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Lindquist, Hans (2009). Corpus Linguistics and the Description of English. Edinburgh: University Press. 6 Metaphor and metonymy 6.1 Introduction Traditionally, metaphor was something dealt with by literary scholars and philosophers who were concerned mainly with creative metaphors in fiction. The literature on the topic is enormous, and only a few refer- ences can be made here. Metonymy, on the other hand, has not been studied quite to the same extent. Since th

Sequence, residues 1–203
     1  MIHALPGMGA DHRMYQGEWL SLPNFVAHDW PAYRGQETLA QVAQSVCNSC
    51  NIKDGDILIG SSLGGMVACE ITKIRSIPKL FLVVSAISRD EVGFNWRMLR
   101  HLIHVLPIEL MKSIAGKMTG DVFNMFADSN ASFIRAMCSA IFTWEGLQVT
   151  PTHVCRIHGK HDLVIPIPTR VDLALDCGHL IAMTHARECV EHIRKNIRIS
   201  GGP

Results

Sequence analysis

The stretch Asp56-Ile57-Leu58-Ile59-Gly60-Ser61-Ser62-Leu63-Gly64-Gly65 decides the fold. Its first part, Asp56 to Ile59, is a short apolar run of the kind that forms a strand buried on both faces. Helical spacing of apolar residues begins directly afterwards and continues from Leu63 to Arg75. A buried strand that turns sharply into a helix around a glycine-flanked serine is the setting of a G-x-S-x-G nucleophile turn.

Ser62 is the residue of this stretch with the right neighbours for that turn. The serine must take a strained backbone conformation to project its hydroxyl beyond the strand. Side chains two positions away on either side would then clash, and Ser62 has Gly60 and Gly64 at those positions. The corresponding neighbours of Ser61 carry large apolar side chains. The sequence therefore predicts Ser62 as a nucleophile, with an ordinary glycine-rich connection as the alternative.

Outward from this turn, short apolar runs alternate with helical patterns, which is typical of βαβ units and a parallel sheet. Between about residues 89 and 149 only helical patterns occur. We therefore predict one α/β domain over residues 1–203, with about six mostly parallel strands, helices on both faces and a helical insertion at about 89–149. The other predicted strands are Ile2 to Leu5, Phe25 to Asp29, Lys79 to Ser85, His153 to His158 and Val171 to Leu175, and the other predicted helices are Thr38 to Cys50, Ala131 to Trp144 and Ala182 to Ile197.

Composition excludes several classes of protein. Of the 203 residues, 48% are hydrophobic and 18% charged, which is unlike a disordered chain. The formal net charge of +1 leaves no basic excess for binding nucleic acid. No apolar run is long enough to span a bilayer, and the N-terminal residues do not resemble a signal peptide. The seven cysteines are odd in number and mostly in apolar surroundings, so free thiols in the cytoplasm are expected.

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  111 6  Metaphor and metonymy 6.1 Introduction Traditionally, metaphor was something dealt with by literary scholars and philosophers who were concerned mainly with creative metaphors in fiction. The literature on the topic is enormous, and only a few refer-ences can be made here. Metonymy, on the other hand, has not been studied quite to the same extent.Since the 1980s there has been a huge upsurge of interest in the cognitive aspects of both metaphor and metonymy, i.e. how we use metaphorical and metonymic processes when we think. Much of this is inspired by a book by George Lakoff and Mark Johnson called Metaphors We Live By   (1980). This chapter will begin with general defi-nitions of metaphor and the related concepts of simile and metonymy, followed by an explanation of Lakoff and Johnson’s cognitive theory of metaphor. We will then go on to see how metaphors can be studied by means of corpus linguistic methods. 6.1.1 Metaphor  We will start by establishing what distinguishes metaphors from non-metaphors. Take a look at the phrases down the drain   in (1) and (2).(1) On the average, each pound contains about 40% phosphate, which does a fine job of cleaning dishes and clothes. But once flushed down   the   drain , it begins its environmental dirty work. ( Time  )(2) A fruit cannery was finished before it dawned on its builders that there was no local fruit to can. All in all, $660 million went down   the   drain . ( Time  )In (1), down the drain   is used literally, since the text is about something concrete which is actually flushed out in the drainage system. The preposition down   refers to downwards motion and the noun drain   refers Lindquist, Hans (2009). Corpus Linguistics and the Description of English. Edinburgh: University Press.   112 CORPUS   LINGUISTICS to a sewage pipe of some sort. In (2), however, the money referred to was clearly not flushed down the toilet – but through the builders’ bad planning it was lost as definitely as if it had been. Went down the drain   in (2) is a metaphor. In a metaphor, language from one semantic sphere is used to describe something in a different sphere – in this case a process in the sphere of waste disposal is used to describe a process in the sphere of business. For a metaphor to work, there must be some aspects of the processes in the two spheres that are similar. In this case it is the fact that something disappears and is lost (although environmentalist have long made us aware that what is flushed down the drain in fact does not disappear at all; it is just transported somewhere else).A metaphor thus has three parts: the expression ( down the drain  ), the meaning (‘loss’) and the connection between the expression and the meaning (when something is flushed down the drain it is irretrievably lost, at least in a sense). In traditional metaphor theory, these three ele-ments are called ‘vehicle’ (expression), ‘tenor’ (meaning) and ‘ground’ (connection). As we shall see below, however, modern cognitive meta-phor theory uses different terms.The motivation for using a metaphor is usually either to explain something abstract and complicated which is difficult to grasp by means of something concrete and more straightforward, or to express some-thing common and pedestrian in a more colourful and striking way. An example of the former can be seen in (3).(3) When something dies, its immune system (along with everything else) shuts down . In a matter of hours, the body is invaded  by all sorts of bacteria, microbes, parasites . . . (http://www.howstuff works.com/immune-system.htm)In this explanation of the immune system on a webpage for young people, the immune system is metaphorically said to shut down  , like a business or a shop, and the bacteria, microbes and parasites are metaphorically said to invade   the body like an enemy army. This way of putting it makes it easier to grasp and remember. In (4) we see an example of how a metaphor is used to create a striking image (and to amuse the reader). A movie reviewer describes the music of the Swedish pop group Abba.(4) Those shimmery, layered arrangements, those lyrics in a language uncannily like English, those symmetrical Nordic voices – they all add up to something alarmingly permanent, a marshmallow monument on the cultural landscape . ( New York Times  , 2008)Obviously, the music is not really a monument constructed out of marshmallows in a real landscape, so the reader is forced to find a tenor    METAPHOR    AND   METONYMY  113 (meaning) by looking for the ground (the connection between vehicle and the possible meaning). Perhaps the writer wants to say that the music is soft and sweet and easy to consume like a marshmallow? At the same time it is said to be a permanent monument, so maybe it is also rather grand. It is up to the reader to make his or her interpretation.We now need to make one more distinction: between creative (or novel) metaphors, conventional metaphors and dead metaphors. Creative metaphors are made up by speakers on the spur of the moment, or by skilful writers at their desk who rack their brains for just the right phrase. Creative metaphors are often surprising and striking and they usually demand a certain amount of effort to interpret. Marshmallow monument   is a creative metaphor. There is not a single instance of this phrase in the 360-million-word COCA, and the only four hits I found on Google led to the same srcinal movie review. Down the drain  , on the other hand, is a conventional metaphor. In COCA, there are 441 instances of down the drain   and roughly two thirds of those are metaphorical. Most native speakers and many non-native ones know the metaphor and can easily interpret it when they come across it. The meaning is even given in the OED  : “Colloq. fig. phr., to go    (etc.)   down the drain  , to disappear, get lost, vanish; to deteriorate, go to waste” ( OED   s.v. drain, n  . e). Once upon a time, someone must have used down the drain   metaphorically for the first time, other people must have liked it and started using it too, and even-tually it was ‘conventionalised’. The very first citation in the OED   is (5).(5) All his savings are gone down the drain . (W. S. MAUGHAM Breadwinner   i. 52, 1930)We do not know if Somerset Maugham invented the phrase or perhaps picked it up from current colloquial language at the time.Dead metaphors, finally, are called dead because they are no longer perceived as metaphors at all. Typical examples are leg   (of a table) and hard   (meaning ‘difficult’). All dead metaphors were born as creative metaphors and grew up to become conventional metaphors before they ended up as dead metaphors. It could be argued that the term ‘dead metaphor’ is not ideal since the expressions actually live on in everyday use. It is just the metaphoricity that has worn off, and even that can be revived by will in many cases. The demarcation lines between creative, conventional and dead metaphors are not hard and fast, and individual metaphors can be placed at different points on a cline from creative to conventionalised to dead. Some scholars see dead metaphors as a subtype of conventionalised metaphors. In the rest of this chapter, we will only deal with creative and conventional metaphors. Before we go on with metaphors, however, we need to get similes out of the way.   114 CORPUS   LINGUISTICS 6.1.2 Simile Metaphors are sometimes confused with similes, since similes are also based on similarities between two objects or two processes. The classic way to explain the difference is to use examples like (6) and (7).(6) He, like you say, is   a   lion  in New Jersey politics, incredibly char-ismatic. (COCA Spoken)(7) The visit by a foreigner to their home is a first – a foreigner is   like   a   lion  to the family, Olga comments. (COCA News)A metaphor, such as (6), is always untrue (it is not the case that “he” is an animal), and has to be interpreted metaphorically in some way or other (here a clue to the intended meaning is given in the added adjec-tive phrase incredibly charismatic  ). A simile, on the other hand, is always either true or false and has a word that explicitly says that there is a comparison, such as like   in (7) or resembles   in (8).(8) How do I politely tell her she resembles   a   stuffed sausage ? (COCA Magazines)Most researchers claim that metaphors have greater impact than similes, and it is probably true that it is much worse to be told that you are a stuffed sausage than that you resemble one. In any case, in this chapter we will study only metaphors. 6.1.3 Conceptual metaphors One of Lakoff and Johnson’s fundamental tenets is that metaphors are not limited to “poetic imagination and rhetorical flourish” but rather that “metaphor is pervasive in everyday life, not just in language but in thought and action” (1980: 3). So metaphors are not only a way of putting words on thoughts in an efficient or striking manner; they are also the means by which we are actually able to understand the world. Lakoff and Johnson used the term ‘conceptual metaphor’ to describe general structures of our cognitive system. Such conceptual metaphors, then, lie behind whole series of more detailed linguistic metaphors. According to Lakoff and Johnson’s theory, the conceptual metaphor ARGUMENT IS WAR lies behind metaphorical linguistic expressions like Your claims are indefensible  , He attacked every weak point in my argument   and many more. We think according to the conceptual metaphor, and when we express our thoughts we use metaphorical expressions accord-ingly. Lakoff and Johnson suggest many more conceptual metaphors. Table 6.1 gives some examples from their book.